Ibadism is a theological sect within Islam that stands alongside the more widely practiced Shi’a and Sunni traditions. But it isn’t nearly as well known in North America – a blind spot a recent conference at the University of Toronto sought to rectify.
The conference, titled “Ibadism and the Study of Islam: A View from the Edge,” brought together a diverse range of global scholars to discuss historical and contemporary topics in Ibadism, from the preservation and study of ancient manuscripts to questions of ethics, language, community-building, religious and legal traditions and more.
It was the first time the annual conference has been hosted in Canada.
“Thinking from the edges allowed us to examine the presumptions that animate most studies of Islam and Muslims today,” says Professor Anver Emon, a scholar of Islamic legal history appointed to the Faculty of Law and the department of history who is also the director of the Faculty of Arts & Science’s Institute of Islamic Studies.
“When we think of the term ‘Muslim’ we might think of certain ethnic groups, language groups and so on. We also might think of sectarian conflict between Sunnis and Shi’as – the dominant sects within Islam. But Ibadi Muslims offer us a third sectarian group that highlights an oft-ignored pluralism within the Islamic tradition.”
While there are Ibadi Muslims living all over the world, Ibadi communities are largely concentrated in Oman, at the mouth of the Persian Gulf, and North Africa.
The institute hosted the 10th annual Conference on Ibadi Studies this past June with support from the country of Oman’s Ministry of Endowments & Religious Affairs. The conference looked at the movement’s position on the margins of the larger study of Islam, whose adherents make up an estimated 24 per cent of the world’s population.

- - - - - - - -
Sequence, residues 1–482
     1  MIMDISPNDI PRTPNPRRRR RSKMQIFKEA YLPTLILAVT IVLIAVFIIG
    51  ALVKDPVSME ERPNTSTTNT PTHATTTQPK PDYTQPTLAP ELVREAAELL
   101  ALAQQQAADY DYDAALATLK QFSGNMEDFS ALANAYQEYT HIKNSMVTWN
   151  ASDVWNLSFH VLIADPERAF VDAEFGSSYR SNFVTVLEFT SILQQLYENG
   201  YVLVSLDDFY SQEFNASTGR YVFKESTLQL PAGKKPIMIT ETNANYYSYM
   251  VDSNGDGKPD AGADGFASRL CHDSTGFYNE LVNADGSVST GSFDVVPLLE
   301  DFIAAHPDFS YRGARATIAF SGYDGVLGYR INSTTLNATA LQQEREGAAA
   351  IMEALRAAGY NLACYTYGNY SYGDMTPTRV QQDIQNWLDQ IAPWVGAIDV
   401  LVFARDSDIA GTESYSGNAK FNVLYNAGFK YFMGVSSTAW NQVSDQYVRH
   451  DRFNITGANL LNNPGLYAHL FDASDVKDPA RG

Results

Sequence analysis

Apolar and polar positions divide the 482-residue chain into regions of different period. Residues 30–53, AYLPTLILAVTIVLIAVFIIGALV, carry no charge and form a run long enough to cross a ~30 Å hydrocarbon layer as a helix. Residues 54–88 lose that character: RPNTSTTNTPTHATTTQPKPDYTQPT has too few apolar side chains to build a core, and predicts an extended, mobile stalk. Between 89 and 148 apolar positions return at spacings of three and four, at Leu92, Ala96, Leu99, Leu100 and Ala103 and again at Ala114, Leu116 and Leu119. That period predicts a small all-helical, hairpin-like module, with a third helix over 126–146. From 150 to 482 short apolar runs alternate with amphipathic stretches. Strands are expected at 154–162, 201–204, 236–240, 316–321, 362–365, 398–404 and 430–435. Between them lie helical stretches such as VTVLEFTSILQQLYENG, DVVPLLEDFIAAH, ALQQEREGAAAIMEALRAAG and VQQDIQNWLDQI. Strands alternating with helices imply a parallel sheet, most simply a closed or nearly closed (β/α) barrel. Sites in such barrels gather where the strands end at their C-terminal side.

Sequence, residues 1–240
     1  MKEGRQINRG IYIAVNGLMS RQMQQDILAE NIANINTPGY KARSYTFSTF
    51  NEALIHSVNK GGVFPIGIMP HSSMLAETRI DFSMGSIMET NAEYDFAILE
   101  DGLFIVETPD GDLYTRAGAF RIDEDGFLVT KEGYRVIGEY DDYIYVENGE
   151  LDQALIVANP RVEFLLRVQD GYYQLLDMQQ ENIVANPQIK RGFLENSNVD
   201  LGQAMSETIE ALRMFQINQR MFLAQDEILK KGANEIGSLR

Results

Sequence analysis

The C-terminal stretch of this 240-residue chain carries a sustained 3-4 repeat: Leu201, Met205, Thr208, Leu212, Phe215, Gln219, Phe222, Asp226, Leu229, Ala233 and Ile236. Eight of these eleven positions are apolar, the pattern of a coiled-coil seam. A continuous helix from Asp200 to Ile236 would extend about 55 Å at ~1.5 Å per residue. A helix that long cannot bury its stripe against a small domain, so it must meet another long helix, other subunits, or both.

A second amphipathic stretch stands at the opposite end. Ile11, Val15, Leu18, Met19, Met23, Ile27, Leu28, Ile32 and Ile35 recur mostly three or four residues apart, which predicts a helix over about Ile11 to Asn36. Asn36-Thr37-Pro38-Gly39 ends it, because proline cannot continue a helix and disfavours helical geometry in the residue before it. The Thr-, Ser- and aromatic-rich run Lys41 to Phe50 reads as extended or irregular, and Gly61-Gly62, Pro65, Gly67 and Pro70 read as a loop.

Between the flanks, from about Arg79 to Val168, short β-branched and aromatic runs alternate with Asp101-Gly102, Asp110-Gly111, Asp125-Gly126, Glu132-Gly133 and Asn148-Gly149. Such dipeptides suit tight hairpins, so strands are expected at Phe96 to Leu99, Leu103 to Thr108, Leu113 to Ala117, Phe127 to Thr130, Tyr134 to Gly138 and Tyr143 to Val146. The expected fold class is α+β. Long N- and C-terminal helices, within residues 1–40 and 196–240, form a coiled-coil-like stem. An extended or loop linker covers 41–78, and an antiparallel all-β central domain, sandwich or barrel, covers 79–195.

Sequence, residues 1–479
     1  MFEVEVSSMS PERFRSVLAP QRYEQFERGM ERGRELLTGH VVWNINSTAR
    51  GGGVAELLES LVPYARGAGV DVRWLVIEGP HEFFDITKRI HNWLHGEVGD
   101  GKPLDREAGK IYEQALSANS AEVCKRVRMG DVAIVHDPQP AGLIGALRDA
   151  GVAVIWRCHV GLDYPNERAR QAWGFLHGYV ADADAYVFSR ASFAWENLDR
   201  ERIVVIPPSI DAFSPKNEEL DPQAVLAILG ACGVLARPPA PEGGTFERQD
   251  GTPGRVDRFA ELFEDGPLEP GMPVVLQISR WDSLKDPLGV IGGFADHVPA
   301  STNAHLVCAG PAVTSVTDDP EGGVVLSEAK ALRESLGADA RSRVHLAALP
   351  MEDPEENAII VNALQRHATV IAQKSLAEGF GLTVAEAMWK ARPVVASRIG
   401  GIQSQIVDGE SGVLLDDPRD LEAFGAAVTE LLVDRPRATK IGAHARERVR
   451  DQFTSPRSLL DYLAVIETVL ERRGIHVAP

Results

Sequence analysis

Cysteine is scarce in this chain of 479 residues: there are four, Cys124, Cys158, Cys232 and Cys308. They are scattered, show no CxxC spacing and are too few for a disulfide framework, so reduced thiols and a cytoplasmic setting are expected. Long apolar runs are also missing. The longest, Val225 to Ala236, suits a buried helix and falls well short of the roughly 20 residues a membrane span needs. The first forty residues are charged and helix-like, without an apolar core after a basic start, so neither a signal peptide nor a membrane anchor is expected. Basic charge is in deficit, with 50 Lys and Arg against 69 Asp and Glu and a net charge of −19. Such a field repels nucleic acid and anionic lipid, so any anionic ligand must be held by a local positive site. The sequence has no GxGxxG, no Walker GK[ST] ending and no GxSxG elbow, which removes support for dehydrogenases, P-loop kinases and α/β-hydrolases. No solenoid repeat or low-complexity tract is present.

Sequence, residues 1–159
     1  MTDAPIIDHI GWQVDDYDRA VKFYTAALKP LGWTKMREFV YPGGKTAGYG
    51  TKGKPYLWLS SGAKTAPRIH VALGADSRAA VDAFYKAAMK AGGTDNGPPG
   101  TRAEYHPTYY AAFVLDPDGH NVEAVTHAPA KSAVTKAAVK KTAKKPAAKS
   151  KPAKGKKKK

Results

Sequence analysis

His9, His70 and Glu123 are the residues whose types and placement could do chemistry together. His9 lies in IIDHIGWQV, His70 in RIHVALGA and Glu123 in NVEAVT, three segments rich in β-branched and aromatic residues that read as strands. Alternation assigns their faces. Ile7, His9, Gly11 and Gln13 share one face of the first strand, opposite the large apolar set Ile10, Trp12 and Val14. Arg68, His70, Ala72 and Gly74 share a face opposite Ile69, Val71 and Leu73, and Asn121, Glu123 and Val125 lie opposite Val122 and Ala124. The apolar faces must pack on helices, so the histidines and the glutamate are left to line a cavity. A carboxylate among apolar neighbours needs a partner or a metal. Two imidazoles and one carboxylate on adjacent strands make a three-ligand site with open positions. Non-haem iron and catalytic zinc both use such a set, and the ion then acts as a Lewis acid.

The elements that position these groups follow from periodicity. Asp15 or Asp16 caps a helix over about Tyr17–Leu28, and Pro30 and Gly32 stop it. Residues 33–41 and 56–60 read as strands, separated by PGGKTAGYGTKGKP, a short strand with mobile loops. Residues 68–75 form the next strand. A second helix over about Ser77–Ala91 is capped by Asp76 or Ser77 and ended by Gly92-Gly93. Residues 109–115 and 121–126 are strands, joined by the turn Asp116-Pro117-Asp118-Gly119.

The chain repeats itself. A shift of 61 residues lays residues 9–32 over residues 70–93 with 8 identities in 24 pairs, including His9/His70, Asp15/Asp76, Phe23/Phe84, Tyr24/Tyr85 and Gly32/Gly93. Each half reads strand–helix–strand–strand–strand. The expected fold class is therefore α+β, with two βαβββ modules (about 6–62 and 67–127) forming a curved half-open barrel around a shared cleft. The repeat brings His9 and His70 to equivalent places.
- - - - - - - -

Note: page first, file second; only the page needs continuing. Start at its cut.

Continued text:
Speakers at the conference included Ayman Shihadeh, chair of the British Association for Islamic Studies and a historian of Islamic philosophy and theology, and U of T’s Ruba Kana'an, an assistant professor of Islamic art and architecture at U of T Mississauga’s department of visual Studies.
“The conference also offered us an opportunity to get to know Canada’s own Ibadi community,” says Emon, “many of whom joined us from Montreal.”
As the conference’s host, Emon says Canada presented an interesting parallel to the country of Oman, where the majority of the population is Ibadi.
“Both have neighbouring countries that can sometimes be challenging to engage with. Both often play important behind-the-scenes roles in fostering peace and prosperity regionally and internationally.
“To be the first Canadian host of the Ibadi conference illustrated the shared sensibilities regionally and globally that both countries play.”